“What I’d like to see is American Petroleum tankers out of the BC Inside Passage. They shouldn’t be here: they should go offshore where all the other tankers have to go. There’s no other big tankers allowed in the BC Inside Passage.
These tankers carry 10,000 dead weight tonnes of petroleum products. That is one quarter of the spill volume that was released by the Exxon Valdez into the Gulf of Alaska. That’s a very significant amount of petroleum product. They carry domestic fuels that are used by everybody — just in their cars or in their heating — this is the type of product these vessels are carrying. They hold as much as 50,000 dead weight tonnes: annually up the coast there are probably between 30 and 50 trips a year up the BC Inside Passage.
So my solution is that these tankers get out of the BC Inside Passage.
That’s 30 times they risk our coast, or 50 times they are risking our coast! If they are afraid to travel offshore because their vessels are unseaworthy — and we’ve seen that we’ve seen one failure recently… the Jake Shearer, which broke apart in basically ordinary November conditions in Hecate Straight.
So you know, a prudent mariner goes out into Hecate Straight in November and expects 100 knot winds. It was blowing 50 the night that the Jake Shearer broke apart. It was a brand new, two-year-old ATB vessel. And then a year and a half ago we had the disaster — a catastrophe! — of the sinking of the Nathan E. Stewart, just about five miles away from here in Seaforth channel.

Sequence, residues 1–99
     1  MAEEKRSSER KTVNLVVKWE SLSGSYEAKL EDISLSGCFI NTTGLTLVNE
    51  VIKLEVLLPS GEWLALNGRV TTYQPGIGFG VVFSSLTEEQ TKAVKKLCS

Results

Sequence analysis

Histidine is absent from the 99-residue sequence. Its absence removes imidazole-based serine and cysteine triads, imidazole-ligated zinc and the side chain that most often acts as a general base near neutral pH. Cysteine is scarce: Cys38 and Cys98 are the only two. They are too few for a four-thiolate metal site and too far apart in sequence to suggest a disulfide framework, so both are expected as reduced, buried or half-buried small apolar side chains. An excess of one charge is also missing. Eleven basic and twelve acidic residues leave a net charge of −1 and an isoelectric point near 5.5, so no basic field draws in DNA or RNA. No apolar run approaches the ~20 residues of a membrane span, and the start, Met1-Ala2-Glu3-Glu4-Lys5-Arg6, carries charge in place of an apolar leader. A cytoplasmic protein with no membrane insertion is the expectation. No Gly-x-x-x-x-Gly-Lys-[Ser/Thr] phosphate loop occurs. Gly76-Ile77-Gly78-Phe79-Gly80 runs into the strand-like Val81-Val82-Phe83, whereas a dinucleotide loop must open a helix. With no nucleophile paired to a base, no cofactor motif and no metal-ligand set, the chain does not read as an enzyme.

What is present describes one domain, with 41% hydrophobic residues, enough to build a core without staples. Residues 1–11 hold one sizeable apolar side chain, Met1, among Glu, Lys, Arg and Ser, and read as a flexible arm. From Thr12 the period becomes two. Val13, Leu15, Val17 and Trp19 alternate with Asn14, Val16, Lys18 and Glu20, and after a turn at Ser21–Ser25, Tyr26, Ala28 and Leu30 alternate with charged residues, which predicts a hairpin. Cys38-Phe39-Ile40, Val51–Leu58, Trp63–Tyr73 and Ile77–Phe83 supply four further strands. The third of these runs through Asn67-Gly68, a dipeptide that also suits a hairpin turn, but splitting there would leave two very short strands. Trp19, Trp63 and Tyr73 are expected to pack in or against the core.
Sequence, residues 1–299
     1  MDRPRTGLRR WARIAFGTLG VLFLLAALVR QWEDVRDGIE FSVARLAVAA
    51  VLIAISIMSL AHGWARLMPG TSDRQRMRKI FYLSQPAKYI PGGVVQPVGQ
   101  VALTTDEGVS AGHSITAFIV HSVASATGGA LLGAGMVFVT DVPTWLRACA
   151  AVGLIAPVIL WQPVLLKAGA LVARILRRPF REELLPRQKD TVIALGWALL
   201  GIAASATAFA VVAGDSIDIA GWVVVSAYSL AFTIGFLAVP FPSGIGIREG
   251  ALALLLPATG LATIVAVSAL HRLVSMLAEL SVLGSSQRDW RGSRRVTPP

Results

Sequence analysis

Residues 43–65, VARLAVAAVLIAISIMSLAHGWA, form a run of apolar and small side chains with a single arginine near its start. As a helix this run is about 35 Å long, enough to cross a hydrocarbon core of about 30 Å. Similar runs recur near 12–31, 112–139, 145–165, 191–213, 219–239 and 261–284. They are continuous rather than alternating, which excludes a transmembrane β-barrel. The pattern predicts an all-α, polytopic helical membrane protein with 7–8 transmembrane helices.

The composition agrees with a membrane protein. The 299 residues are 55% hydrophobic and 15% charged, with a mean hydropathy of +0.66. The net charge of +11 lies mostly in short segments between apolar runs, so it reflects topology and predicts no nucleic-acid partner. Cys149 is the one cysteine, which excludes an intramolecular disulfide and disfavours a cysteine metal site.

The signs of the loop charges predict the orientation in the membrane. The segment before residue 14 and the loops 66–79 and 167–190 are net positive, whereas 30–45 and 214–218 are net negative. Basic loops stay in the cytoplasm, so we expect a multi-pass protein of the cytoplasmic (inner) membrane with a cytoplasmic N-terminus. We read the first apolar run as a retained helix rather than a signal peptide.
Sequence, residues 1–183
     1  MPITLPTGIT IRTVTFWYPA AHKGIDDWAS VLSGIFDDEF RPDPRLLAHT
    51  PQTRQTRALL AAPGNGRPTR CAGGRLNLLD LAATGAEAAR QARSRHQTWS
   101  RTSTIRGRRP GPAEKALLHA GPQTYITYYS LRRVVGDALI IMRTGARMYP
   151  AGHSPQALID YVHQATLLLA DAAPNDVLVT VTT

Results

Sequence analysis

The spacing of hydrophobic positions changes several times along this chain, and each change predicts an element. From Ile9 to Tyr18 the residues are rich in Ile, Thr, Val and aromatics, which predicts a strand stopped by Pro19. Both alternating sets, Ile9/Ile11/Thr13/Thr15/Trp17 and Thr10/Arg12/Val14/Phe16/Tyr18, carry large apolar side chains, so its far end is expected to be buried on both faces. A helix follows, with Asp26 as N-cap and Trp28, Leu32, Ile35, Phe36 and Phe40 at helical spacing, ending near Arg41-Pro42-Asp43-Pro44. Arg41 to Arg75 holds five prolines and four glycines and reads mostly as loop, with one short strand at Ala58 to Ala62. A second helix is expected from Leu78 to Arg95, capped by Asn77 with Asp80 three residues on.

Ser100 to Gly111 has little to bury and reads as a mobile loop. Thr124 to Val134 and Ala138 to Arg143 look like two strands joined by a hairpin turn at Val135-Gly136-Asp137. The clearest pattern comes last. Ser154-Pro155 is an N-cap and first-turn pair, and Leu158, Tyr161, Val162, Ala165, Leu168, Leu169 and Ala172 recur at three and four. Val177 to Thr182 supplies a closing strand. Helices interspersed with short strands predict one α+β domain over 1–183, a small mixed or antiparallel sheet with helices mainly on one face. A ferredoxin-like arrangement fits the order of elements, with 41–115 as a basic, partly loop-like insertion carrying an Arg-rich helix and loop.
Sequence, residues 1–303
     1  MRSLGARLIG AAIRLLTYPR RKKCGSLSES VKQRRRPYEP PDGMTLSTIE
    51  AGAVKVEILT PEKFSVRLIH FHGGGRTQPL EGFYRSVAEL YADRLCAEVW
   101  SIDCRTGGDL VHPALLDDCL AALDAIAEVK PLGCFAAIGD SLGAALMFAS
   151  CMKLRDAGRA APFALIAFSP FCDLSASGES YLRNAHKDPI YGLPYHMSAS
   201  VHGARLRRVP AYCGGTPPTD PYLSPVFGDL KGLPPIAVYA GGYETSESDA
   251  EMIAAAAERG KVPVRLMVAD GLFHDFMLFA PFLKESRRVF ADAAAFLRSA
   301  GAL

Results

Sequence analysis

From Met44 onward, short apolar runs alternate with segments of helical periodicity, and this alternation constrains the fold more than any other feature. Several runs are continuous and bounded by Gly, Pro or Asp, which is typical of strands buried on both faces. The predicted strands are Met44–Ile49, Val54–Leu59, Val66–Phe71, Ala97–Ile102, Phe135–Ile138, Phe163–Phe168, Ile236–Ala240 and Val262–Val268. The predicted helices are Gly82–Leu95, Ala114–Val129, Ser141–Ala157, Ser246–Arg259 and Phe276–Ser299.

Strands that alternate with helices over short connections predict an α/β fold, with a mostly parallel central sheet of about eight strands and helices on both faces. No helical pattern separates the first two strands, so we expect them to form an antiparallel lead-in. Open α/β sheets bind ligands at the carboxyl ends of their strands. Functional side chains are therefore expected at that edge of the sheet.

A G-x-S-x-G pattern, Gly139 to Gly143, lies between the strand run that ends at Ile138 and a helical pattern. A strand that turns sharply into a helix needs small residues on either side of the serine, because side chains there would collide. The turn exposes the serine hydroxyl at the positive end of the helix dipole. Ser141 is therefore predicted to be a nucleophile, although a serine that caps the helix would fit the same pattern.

These vessels are unseaworthy. They’re dangerous, they are risking our coast. I say they need to get themselves a proper seaworthy tanker like an Afro-max tanker and go out Juan de Fuca Straight, 20 or 30 miles off shore, then carry on outside of Vancouver Island and Haida Gwaii up to Alaska, and then unload their product from there.
Get out of the BC Inside Passage. They offer nothing to Canada. There’s not a single Canadian sailor on these vessels. There’s no Canadian pilots. There’s no stops in Canada. It’s a direct voyage all the way through, and they pay no fees. They offered nothing but imminent disaster to the British Columbia coast. And luckily, the Nathan E. Stewart, when it sank — it’s barge was empty. It was on its way south. But the Jake Shearer, which came a stone’s throw from foundering on the Goose Islets (which is one of the most precious ecological areas of the BC central coast) was fully loaded with 10,000 dead weight tonnes of petroleum product.
One of the illusions that prevails in the rhetoric around the transport of petroleum products in British Columbia is that refined fuels are safe, or safer, to transport by sea. Well I mean, perhaps when you’re comparing to dirty oil bitumen, sure: however, a year and a half since the Nathan E. Stewart sank and spilled what they claim to be a hundred thousand liters of product into the sea, those areas are still off limits to fishing or shellfish harvesting or anything. People around here can’t go to where they’ve always gone for 12000 years to get their food. They can’t go there. It’s shut down by D.F.O., which suggests that area continues to be poisoned by that disaster.
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